mention Judas, what would stop you from then claiming that they'd simply got
        him from Mark (which is how you deal with the evidence from Matt, Luke, and
        John even though e.g. Luke claims to have done his own homework, frequently
        leaves Mark when it suits, and his words of institution are closer to Paul
        than Matt or Mark, and John appears to have access to a different set of
        traditions, espec his use of Ps 41)?
        > I have made a similar argument for the likelihood that Paul did not know about
        > Judas' betrayal of Jesus.
        But have you? There is nothing I can see in the two Romans
        passages‹concerned as they are with theological interpretation‹nor in 1 Cor
        11‹given its brevity and the fact that it neither mentions the Romans nor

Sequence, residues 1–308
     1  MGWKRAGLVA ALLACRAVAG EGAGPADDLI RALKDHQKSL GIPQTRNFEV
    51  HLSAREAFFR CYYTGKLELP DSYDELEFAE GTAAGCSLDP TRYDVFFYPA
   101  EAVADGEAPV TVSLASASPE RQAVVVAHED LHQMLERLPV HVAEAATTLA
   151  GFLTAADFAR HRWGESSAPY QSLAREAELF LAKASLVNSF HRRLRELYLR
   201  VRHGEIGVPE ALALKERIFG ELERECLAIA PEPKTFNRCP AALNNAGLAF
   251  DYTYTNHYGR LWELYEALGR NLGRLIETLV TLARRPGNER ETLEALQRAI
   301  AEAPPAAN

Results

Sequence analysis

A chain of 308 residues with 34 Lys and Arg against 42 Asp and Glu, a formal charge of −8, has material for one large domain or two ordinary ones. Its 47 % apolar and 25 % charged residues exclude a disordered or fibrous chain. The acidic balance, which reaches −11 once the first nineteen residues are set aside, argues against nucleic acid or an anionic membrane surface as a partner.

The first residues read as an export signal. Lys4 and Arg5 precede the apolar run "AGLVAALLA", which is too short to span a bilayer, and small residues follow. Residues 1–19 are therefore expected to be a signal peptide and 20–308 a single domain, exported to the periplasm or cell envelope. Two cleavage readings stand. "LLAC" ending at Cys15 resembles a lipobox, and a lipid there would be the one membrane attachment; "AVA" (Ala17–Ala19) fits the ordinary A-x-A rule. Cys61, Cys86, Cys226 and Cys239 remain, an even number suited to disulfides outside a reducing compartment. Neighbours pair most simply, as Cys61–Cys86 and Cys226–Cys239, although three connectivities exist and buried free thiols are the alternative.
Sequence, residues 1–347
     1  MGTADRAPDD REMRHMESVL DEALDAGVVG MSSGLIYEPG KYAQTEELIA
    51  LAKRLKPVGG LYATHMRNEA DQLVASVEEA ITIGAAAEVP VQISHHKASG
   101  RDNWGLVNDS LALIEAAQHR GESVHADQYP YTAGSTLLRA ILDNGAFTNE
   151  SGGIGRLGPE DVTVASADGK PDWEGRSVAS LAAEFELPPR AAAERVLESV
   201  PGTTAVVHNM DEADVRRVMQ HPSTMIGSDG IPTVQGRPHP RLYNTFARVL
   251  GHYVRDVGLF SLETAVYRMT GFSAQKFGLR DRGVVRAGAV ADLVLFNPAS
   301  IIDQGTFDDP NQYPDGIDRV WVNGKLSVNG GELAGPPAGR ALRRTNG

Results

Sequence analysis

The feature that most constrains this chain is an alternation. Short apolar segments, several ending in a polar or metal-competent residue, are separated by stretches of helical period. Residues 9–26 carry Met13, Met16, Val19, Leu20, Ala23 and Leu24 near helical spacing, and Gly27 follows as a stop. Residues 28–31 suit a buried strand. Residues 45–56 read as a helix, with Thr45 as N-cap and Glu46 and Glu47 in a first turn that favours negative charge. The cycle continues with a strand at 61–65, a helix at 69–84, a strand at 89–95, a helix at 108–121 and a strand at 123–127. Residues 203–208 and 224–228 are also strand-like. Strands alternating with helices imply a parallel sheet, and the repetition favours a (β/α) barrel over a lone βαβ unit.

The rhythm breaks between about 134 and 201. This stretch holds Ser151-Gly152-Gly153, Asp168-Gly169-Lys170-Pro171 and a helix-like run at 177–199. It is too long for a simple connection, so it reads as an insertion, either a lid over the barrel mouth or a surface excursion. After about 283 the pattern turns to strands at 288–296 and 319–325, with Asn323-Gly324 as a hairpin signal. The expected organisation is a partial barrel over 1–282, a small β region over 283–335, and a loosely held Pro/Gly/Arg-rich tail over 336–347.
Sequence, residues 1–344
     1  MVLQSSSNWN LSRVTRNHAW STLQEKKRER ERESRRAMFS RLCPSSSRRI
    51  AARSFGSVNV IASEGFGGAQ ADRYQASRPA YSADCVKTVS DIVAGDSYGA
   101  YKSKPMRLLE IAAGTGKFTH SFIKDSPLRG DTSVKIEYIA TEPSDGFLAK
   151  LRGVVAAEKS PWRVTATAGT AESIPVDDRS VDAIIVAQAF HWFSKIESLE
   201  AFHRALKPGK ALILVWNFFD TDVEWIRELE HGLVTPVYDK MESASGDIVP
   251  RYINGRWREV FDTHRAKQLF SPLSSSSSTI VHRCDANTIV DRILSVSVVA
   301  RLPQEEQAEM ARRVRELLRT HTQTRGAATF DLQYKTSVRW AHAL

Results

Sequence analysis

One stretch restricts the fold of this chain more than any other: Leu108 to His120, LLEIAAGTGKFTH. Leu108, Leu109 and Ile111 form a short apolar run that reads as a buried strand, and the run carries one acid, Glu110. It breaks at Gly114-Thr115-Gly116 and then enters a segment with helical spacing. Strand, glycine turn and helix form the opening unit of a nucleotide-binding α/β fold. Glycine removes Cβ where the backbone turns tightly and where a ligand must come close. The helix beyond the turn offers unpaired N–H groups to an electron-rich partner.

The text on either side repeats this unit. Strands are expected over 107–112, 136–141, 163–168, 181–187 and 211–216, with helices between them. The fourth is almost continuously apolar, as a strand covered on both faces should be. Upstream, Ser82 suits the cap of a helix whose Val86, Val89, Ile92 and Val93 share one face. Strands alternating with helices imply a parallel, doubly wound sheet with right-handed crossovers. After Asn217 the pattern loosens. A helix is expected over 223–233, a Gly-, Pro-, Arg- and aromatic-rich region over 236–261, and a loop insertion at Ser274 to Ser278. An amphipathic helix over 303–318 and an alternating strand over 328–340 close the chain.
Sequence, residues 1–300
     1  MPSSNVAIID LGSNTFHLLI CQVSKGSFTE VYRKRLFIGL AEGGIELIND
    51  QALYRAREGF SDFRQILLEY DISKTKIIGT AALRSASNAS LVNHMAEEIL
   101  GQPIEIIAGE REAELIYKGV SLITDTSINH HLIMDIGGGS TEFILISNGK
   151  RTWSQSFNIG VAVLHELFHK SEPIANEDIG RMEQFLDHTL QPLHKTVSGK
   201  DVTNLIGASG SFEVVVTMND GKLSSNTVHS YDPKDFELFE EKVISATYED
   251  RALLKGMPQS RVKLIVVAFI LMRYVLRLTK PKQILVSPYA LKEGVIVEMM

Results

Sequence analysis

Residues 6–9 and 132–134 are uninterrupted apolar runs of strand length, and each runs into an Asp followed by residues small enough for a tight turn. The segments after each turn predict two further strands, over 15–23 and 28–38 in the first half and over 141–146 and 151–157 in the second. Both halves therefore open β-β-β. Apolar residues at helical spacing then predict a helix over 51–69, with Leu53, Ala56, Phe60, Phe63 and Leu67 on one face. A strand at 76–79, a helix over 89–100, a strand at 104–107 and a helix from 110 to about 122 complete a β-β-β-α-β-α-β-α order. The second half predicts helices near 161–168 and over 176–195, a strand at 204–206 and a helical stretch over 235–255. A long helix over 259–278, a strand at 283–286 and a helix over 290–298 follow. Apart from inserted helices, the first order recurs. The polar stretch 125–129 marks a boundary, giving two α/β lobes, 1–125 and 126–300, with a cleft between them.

the Jewish leadership, etc.‹which would require the mention of Judas. In
        fact, I would argue that the mention of Judas in any of the passages would
        be incongruous.

        > Thus, I find it striking --- if Judas, in fact, was
        > a trusted disciple in the inner circle who betrayed Jesus --- that Paul does
        > not use that information to attack the "false/super apostles" in II Cor.
        > 10-13, particularly II Cor. 11:13-15. Had Paul known about Judas, how could
        > he have passed up the opportunity to cite Judas as an excellent example (to
        > paraphrase Paul only slightly) of a false disciple, deceitful
        > worker,disguising himself as a disciple of Christ, behind whom was Satan in
        > disguise, a false disciple whose end matched his deeds?
        Absolutely. Paul is indeed aware of the need for an example. And it would be
        odd if he didn't give one. So, of course, he does: "Even Satan disguises
        himself as an angel of light." So yes you are right, Paul does give an